Since the 1960s the development concept within the scope of the dominant paradigm has been more and more challenged (Kingsbury et al., 2008, p.51). The critique refers to several facets and consequences of the paradigm - many of it challenges the focus on a country's economic growth (Melkote & Steeves, 2001, pp.19, 158). The various negative consequences of the dominant paradigm show that measures like the GDP of a country cannot tell a lot about the situation of the people. Even though many developing nations experienced impressive economic growth until the 1960s, the modernisation model lead to increased rates of unemployment, poverty and inequality - in political, social and economic respect as well as in regard to the distribution of power (Kingsbury et al., 2008, p.27-28; Melkote & Steeves, 2001, pp.158-162).

The observation of the failure of the dominant paradigm's trickle-down idea lead to the emergence of the basic needs approach in the early 1970s (Melkote & Steeves, 2001, p.166). The aim of this approach is "to eliminate some of the worst aspects of poverty" by paying attention to "the quality of life of individuals at the bottom of the socio-economic ladder" instead of emphasising economic indicators as within the dominant paradigm (ibid., pp.158, 166). There have been many efforts to define basic needs (Kingsbury et al., 2008, p.32). Paul Streeten (1979, p. 48, quoted in Melkote & Steeves, 2001, p.167) identified seven objectives of the basic needs approach that include basic human needs and rights: food and drinking water, shelter, education, security of livelihood, transport, participation in decision-making as well as dignity and self-respect.

After a decade of renunciation of the emphasis on basic needs, the attention to this approach returned in the 1990s. In this time, a nowadays still very influential measure of the well-being of people - the Human Development Index (HDI) of the UNDP - was introduced (Kingsbury et al., 2008, pp.32-33). Melkote and Steeves state that the basic needs approach has no chance to have a real effect on development as long as the power lies with the proponents of the neo-classical approach: "Considerations of national and global security and economics will always take priority" (2001, p.169). Critics have argued furthermore that the real aim of advocators of the basic needs approach was to keep people disempowered while only feeding them better (ibid., p.168). These concerns about global power imbalances are expressed, for example, by dependency theory and world-systems theory (ibid., p.158).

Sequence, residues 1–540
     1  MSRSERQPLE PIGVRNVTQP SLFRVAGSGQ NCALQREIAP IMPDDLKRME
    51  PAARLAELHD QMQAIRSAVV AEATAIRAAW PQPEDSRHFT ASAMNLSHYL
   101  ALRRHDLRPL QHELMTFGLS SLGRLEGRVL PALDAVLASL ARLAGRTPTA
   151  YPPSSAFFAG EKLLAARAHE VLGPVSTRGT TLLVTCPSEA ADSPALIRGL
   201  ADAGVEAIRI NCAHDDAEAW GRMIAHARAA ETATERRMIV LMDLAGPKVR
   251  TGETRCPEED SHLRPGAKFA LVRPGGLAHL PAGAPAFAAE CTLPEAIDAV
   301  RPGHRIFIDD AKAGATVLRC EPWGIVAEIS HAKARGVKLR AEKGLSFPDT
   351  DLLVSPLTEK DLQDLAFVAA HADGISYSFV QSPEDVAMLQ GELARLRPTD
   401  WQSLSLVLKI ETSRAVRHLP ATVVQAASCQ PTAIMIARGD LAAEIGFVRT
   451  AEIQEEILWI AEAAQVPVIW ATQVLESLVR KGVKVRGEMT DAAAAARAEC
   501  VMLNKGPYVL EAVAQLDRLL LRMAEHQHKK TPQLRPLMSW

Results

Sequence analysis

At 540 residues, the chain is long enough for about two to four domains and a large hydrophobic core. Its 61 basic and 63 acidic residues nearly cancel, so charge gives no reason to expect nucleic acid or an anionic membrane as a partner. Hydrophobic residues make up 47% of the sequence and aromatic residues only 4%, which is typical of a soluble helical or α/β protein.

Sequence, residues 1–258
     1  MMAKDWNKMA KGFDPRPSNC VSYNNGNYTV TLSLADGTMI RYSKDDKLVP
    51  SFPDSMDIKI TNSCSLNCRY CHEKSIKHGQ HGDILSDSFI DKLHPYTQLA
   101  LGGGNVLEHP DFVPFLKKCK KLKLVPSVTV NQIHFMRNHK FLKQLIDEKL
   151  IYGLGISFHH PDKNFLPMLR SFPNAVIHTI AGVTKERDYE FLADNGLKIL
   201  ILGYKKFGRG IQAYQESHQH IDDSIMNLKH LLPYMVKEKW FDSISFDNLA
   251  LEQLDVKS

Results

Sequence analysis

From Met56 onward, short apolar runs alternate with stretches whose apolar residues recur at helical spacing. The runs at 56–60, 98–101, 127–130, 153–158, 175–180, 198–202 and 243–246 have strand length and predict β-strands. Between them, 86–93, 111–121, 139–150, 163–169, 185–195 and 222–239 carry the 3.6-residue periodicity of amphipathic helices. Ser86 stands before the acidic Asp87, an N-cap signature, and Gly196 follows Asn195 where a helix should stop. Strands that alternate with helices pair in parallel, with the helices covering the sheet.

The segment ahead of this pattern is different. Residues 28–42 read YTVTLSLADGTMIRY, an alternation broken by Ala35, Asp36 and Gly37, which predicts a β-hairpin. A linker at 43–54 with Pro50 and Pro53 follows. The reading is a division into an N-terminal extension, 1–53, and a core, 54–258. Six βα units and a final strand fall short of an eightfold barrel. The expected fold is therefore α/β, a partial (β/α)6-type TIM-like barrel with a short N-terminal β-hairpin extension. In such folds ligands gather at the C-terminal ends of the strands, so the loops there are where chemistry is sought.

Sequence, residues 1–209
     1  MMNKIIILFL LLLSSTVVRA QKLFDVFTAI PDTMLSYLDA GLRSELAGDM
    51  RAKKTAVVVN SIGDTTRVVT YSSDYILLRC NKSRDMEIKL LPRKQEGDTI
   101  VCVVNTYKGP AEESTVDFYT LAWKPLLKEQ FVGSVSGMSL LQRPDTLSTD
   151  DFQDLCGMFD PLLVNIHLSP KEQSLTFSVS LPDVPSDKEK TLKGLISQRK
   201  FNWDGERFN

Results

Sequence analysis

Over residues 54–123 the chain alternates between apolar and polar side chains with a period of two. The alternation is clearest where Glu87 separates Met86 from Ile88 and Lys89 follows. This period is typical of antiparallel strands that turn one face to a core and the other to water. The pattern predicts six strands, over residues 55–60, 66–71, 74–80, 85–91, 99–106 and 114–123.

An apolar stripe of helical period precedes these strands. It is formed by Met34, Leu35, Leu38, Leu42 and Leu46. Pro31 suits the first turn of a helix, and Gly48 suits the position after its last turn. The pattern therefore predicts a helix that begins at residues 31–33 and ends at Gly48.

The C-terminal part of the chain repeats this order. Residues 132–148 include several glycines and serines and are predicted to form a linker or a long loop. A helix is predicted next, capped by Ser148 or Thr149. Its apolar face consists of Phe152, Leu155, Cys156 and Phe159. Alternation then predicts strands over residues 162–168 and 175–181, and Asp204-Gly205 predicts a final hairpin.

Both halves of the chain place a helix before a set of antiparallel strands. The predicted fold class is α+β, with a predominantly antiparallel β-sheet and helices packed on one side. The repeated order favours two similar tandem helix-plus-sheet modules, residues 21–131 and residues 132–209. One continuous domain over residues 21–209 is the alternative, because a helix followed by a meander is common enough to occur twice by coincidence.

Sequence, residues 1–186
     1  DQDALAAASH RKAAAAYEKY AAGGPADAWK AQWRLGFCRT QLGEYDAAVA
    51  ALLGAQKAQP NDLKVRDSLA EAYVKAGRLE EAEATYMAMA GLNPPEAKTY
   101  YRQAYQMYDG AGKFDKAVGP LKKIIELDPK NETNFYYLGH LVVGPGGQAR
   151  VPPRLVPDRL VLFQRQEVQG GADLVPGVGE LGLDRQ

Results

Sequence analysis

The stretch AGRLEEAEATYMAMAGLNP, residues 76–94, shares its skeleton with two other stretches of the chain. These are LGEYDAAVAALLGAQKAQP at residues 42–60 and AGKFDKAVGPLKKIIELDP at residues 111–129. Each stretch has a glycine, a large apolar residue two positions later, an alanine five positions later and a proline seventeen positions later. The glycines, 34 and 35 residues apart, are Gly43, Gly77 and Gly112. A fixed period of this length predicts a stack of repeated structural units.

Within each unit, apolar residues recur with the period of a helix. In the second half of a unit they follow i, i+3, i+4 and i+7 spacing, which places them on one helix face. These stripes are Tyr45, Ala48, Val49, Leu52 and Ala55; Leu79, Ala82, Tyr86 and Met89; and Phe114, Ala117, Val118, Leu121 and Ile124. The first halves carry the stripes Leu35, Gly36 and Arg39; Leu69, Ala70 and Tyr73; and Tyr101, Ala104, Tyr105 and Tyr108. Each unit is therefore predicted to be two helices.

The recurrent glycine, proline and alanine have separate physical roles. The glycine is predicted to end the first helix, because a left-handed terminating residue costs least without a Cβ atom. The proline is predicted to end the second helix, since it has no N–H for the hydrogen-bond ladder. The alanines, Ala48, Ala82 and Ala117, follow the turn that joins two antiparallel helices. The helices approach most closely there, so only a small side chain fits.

Melkote & Steeves summarise the new goals that alternative approaches to development address: equity in distribution of development benefits, participation of all community members, independence of communities or nations and integration of old and new ideas (2001, p.199).

The third stream of perspectives on development - the liberation perspectives - differs from the others since the focus is spiritual and not economic (Melkote & Steeves, 2001, pp.35). Spirituality and religion seldom play a role in mainstream development scholarship or practice and religions - especially others than Christianity - are rather seen as barriers to development (ibid., pp.273-274). However, within every major religion there can be found a type of theology "that supports development as a process of liberation from injustice, discrimination, and oppression" (ibid., p.275, 293). This liberation theology, the main basis for liberation perspectives, state that the aims of development - in this approach empowerment and self-reliance - can only be achieved through "personal and communal liberation from oppression" (ibid., p.35). The underlying assumptions are that all people pursue freedom and self-reliance and "have the internal capacity to develop themselves on their own terms" but "internal and external forms of oppression restrict their ability to do so" (ibid., p.35, 294). Crucial to liberation theology is that spiritual practice and social activism together with and on behalf of oppressed people belong together (ibid., p.294).

Although large Western governments and corporations are seen as a major oppression sources, proponents of liberation perspectives are not automatically opponents of modernisation. Instead, "the basic premise is that individuals must be free to choose" (Melkote & Steeves, 2001, p.35).

A bottom-up model that incorporates assumptions of the liberation perspectives is the participatory model for development. The idea behind this approach is the participation of people of all levels of society (Melkote & Steeves, 2001, p.327-338). People at the grassroots have to perceive their needs and problems themselves and then identify solutions - this happens through conscientization what includes collective action. Though the participatory model has been relatively popular in the last decades, many development projects have stayed far away from true participation by keeping the choice for the "right" solutions and other power issues at the level of national or international elites (Melkote & Steeves, 2001, p.338-339).